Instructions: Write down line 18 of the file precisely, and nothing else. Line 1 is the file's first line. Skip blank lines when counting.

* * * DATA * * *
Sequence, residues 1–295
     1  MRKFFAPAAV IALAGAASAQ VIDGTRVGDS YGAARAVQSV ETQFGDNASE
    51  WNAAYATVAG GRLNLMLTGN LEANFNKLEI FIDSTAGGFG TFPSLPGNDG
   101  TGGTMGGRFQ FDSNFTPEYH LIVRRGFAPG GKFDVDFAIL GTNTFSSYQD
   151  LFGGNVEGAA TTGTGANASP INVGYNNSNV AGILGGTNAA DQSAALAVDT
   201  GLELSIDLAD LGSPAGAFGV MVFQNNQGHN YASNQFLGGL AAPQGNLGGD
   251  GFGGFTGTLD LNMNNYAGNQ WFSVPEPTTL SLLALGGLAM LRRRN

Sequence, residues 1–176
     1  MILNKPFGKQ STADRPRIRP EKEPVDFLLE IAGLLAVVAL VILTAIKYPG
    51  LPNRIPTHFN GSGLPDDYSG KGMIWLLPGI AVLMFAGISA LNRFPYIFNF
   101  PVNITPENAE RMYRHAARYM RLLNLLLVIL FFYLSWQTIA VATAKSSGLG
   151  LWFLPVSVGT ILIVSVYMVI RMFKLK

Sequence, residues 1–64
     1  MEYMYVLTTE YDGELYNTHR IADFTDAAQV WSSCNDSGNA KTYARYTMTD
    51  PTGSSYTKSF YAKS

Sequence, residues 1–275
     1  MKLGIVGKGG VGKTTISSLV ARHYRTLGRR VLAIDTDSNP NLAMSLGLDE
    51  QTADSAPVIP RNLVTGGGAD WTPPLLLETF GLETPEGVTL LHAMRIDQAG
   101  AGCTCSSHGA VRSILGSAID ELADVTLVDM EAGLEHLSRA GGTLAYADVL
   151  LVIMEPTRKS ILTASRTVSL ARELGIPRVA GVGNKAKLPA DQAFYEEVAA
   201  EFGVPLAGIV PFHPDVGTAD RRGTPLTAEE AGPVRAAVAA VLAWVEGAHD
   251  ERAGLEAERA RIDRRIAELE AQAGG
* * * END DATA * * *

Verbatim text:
    51  QTADSAPVIP RNLVTGGGAD WTPPLLLETF GLETPEGVTL LHAMRIDQAG